2009, pp 763-781

Cartographic Mapping of the Icy Satellites Using ISS and VIMS Data

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Abstract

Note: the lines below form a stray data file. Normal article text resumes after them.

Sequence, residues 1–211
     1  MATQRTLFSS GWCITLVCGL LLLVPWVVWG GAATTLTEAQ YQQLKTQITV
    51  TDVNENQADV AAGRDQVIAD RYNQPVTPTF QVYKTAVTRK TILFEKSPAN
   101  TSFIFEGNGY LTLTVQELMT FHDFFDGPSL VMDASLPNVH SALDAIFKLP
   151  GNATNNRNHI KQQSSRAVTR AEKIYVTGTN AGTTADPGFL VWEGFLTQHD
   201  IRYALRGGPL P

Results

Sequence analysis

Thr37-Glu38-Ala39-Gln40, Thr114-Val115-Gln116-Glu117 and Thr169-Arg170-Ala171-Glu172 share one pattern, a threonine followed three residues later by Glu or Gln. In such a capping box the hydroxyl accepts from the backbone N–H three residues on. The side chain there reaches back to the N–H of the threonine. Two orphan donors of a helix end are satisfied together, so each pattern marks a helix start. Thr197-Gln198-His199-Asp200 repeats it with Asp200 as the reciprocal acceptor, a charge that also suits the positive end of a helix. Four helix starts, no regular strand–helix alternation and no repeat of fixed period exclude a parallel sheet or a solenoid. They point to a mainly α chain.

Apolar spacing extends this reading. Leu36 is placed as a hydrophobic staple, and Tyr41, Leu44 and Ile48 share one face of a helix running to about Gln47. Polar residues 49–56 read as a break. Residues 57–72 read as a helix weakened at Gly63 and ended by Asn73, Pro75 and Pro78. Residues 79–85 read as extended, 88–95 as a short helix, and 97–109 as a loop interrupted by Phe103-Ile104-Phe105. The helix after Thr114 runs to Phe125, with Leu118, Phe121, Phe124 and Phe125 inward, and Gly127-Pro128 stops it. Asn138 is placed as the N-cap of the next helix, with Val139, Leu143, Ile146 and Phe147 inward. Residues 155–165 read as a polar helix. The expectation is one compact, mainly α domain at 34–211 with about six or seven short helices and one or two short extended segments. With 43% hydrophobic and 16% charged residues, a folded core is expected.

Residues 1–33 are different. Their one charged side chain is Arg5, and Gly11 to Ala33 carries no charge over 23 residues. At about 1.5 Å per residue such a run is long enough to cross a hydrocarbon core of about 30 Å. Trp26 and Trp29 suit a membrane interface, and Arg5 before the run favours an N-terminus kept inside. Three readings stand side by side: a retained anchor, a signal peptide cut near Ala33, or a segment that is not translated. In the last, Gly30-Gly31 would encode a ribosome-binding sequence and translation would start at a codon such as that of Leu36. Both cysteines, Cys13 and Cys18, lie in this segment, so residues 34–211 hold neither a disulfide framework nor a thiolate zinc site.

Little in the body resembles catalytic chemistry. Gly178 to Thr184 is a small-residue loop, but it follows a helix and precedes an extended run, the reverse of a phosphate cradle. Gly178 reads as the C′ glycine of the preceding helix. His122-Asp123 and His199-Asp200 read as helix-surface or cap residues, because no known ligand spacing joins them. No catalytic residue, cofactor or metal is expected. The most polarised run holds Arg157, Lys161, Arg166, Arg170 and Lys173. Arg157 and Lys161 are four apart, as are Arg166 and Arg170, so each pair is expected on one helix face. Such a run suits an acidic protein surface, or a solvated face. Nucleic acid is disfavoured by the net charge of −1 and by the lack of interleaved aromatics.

The sizes and shapes of six icy Saturnian satellites have been measured from Cassini Imaging Science Subsystem (ISS) data, employing limb coordinates and stereogram-metric control points. Mimas, Enceladus, Tethys, Dione and Rhea are well described by triaxial ellipsoids; Iapetus is best represented by an oblate spheroid. The ISS acquired many high-resolution images (<1 km/pixel) during close flybys of the medium-sized icy Saturnian satellites (Mimas, Enceladus, Tethys, Dione, Rhea, Iapetus, and Phoebe). We combined these images with lower-resolution coverage and a few images taken by Voyager cameras to produce high-resolution mosaics of these satellites. The global mosaics are the baseline for high-resolution atlases. The atlases consist of 15 tiles each for Enceladus, Dione, and Tethys, whereas the Iapetus, Mimas, and Phoebe atlases consist of 3, 1, and 1 tile, respectively. The nomenclature used in these atlases was suggested by the Cassini-ISS team and approved by the International Astronomical Union (IAU). The whole atlases are available to the public through the Imaging Team's website (http://ciclops.org/maps/) and from the Planetary Data System (PDS, http://pds-imaging.jpl.nasa.gov/). Additionally to ISS, the Visual and Infrared Mapping Spectrometer (VIMS) onboard the Cassini spacecraft detected the chemical and physical surface properties of the Saturnian satellites. Multiple VIMS observations were combined into global VIMS maps representing the VIMS coverage achieved during the nominal Cassini mission. Progressed mapping has been done for the satellites Dione, Rhea, and Enceladus.